UK Law and Green Policy

What is the government doing to protect the environment?

Written by Fatima Freifer
Written by Fatima Freifer


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Government ministers have been repeatedly accused of failing to collaborate in order to avoid net-zero policy gaps and deliver a coordinated approach to addressing interconnected issues such as climate and environmental crises at the same time. A delay in the return of the Environment Bill to Parliament has been a particular disappointment to key green economy figures this year.


Defra, on the other hand, outlined plans this week to add five legally binding principles to the Bill’s legal footing. The foundation would apply to all future policymaking, not just the Bill. The principles intended to get the United Kingdom back on track with the Government’s commitment to “build back greener and leave the environment in a better state for future generations”[1].


Integration (ensuring that policies are interconnected to maximize opportunities); prevention (aiming to stop or reduce harm to the environment rather than remediation after the event); rectification at source (ensuring that, when damage does occur, it is not offset as a first option); polluter pays, and precaution are some of the principles. This final principle is intended to ensure that potential threats of serious or irreversible environmental damage are addressed as a priority and that policymakers do not cite uncertainty as a reason for inaction.


The Second Round of the Green Recovery Challenge Fund


Defra launched a £40 million Green Recovery Challenge Fund last year as an alternative to the National Nature Service, which had widespread support in the green economy but was ultimately deemed too costly by the Treasury. The competition allows environmental charities and local governments to compete for funding to complete nature conservation, restoration and education projects.


Following the initial Challenge Fund pot being more than six times oversubscribed, Defra and the Treasury announced plans to launch a second pot totalling £40 million.


“In the first round, we awarded grants across a broad variety of environmental projects, ranging from planting trees and restoring peatlands to connecting people with green spaces, forests and protected landscapes,” Environment Minister Rebecca Pow said. “I encourage more organisations to apply so we can continue to make a real difference”[2].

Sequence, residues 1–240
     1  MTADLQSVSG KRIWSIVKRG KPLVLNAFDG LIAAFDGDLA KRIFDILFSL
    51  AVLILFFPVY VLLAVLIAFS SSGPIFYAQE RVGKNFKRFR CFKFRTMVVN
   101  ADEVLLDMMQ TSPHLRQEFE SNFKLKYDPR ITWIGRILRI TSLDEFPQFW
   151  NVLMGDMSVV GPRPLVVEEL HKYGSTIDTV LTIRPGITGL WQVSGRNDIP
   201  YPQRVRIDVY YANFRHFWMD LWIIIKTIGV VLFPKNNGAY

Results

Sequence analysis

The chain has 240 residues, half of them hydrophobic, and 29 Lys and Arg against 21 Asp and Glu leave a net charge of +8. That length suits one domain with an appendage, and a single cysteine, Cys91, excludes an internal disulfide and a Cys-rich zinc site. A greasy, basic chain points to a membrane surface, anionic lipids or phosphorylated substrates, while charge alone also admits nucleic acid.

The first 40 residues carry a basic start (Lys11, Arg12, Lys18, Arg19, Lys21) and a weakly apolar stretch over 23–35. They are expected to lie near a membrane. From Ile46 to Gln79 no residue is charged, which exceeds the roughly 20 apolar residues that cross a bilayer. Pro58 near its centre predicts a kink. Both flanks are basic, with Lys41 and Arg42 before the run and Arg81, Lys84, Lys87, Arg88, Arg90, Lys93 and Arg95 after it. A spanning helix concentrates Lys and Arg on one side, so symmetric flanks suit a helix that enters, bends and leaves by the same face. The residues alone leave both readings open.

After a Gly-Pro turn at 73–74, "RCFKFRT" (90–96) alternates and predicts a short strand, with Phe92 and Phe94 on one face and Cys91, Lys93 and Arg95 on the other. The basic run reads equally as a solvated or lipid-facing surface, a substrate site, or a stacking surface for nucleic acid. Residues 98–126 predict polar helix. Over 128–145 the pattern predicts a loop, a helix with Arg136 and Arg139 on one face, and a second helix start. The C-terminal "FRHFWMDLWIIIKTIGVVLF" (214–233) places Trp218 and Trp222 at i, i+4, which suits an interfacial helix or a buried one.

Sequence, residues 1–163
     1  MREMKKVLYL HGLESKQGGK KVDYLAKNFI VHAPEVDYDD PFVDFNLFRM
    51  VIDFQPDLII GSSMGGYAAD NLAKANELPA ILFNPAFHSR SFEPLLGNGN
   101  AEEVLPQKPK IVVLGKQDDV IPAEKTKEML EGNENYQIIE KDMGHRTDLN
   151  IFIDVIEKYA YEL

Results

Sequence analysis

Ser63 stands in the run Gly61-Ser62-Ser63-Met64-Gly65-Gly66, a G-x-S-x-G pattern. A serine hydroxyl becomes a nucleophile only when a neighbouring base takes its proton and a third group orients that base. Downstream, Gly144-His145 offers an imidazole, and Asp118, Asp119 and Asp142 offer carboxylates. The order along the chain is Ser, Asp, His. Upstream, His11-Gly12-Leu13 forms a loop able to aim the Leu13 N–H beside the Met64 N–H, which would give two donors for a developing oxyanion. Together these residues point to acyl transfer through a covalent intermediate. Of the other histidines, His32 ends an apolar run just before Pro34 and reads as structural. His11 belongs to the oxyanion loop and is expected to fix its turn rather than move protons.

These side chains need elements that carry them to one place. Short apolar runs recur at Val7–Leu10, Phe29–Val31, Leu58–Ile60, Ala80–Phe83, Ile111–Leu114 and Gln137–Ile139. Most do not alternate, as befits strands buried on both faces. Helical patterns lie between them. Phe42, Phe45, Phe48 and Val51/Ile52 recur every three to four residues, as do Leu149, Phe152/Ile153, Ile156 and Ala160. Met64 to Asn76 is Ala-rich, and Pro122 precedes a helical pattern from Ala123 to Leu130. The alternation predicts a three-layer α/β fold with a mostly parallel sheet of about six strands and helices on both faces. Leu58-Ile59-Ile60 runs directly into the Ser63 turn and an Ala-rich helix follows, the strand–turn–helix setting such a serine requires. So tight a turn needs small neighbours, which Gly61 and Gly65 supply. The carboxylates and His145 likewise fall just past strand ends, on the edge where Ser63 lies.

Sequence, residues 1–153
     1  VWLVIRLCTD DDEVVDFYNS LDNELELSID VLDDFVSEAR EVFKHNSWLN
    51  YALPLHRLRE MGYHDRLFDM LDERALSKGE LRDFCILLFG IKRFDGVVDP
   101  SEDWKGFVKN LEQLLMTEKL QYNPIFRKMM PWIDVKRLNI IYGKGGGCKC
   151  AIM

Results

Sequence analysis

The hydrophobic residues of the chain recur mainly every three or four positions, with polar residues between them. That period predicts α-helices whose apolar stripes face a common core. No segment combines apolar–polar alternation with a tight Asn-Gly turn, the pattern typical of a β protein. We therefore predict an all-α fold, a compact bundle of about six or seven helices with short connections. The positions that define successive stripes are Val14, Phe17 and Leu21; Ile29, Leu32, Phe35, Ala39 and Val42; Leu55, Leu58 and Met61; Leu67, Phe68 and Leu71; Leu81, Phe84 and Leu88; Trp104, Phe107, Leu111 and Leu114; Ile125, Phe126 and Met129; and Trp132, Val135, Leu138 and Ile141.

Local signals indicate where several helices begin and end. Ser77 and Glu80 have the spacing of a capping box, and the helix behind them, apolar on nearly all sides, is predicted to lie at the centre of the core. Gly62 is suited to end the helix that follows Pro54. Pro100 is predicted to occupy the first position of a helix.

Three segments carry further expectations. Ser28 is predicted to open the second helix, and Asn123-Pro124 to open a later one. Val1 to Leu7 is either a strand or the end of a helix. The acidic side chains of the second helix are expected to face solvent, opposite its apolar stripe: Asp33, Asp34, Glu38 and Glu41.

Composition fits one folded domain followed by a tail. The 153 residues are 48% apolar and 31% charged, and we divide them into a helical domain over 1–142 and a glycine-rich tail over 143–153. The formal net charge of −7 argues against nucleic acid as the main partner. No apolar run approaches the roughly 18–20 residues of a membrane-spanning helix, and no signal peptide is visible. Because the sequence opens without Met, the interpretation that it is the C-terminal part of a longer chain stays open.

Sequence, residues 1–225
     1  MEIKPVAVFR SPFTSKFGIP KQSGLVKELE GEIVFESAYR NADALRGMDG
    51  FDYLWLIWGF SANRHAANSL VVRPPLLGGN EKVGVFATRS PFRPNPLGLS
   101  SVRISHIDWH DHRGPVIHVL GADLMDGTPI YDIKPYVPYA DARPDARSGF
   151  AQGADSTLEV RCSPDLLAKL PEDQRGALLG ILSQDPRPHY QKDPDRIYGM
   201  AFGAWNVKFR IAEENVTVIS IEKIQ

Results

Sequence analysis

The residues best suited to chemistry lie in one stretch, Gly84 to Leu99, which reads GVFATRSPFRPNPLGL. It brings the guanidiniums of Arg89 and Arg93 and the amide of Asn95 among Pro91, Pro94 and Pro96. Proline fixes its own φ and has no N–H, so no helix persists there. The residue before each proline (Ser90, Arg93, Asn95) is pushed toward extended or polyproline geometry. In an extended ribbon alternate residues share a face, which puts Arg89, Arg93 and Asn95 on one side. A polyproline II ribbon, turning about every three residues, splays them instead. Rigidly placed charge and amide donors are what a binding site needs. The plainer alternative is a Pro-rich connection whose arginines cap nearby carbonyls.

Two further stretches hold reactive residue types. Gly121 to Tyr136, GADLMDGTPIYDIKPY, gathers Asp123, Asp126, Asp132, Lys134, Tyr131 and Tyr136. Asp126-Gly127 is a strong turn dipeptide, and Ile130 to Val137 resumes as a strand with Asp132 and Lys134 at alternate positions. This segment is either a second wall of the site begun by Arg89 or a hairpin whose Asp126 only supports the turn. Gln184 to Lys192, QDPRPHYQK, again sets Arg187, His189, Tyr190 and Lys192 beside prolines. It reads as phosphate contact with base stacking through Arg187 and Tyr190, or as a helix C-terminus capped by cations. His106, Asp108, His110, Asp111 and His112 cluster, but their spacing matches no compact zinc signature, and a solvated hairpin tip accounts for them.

The Climate Change Act 2008


The Climate Change Act was passed by an overwhelming majority of political parties in the United Kingdom in November 2008 [3]. It establishes emission reduction targets that the UK must legally meet. It is the first legally binding global climate change mitigation target set by a country.


Net Zero-Target


The Act committed the United Kingdom to cut greenhouse gas emissions by 80% by 2050 compared to the 1990’s levels. However, in 2019, the UK became the first major economy to commit to a ‘net-zero’ target, making this target even more ambitious. The new target calls for the UK to achieve net-zero greenhouse gas emissions by 2050.


Carbon Budgets


The Act also includes a carbon budgeting system to assist the UK in meeting its targets through a series of five-year carbon budgets.


According to the Committee on Climate Change (see below), the first and second carbon budgets were met, and the UK is on track to meet the third (2018–22), but not the fourth (2023–27) or fifth (2028–32) budgets.


Who is in charge of climate change policies?


Addressing the causes of climate change and adapting to its consequences affects all aspects of the economy. The government has established a Cabinet Committee on Climate Change, which will be chaired by the Prime Minister. Subcommittees are working to ensure that climate change decisions are made across the government. It is the responsibility of all government departments to consider climate change when making policy decisions. The two primary UK government departments in

 charge of climate change are:


Department for Business, Energy and Industrial Strategy (BEIS) – BEIS is in charge of ensuring secure energy and promoting climate change action in the UK and globally.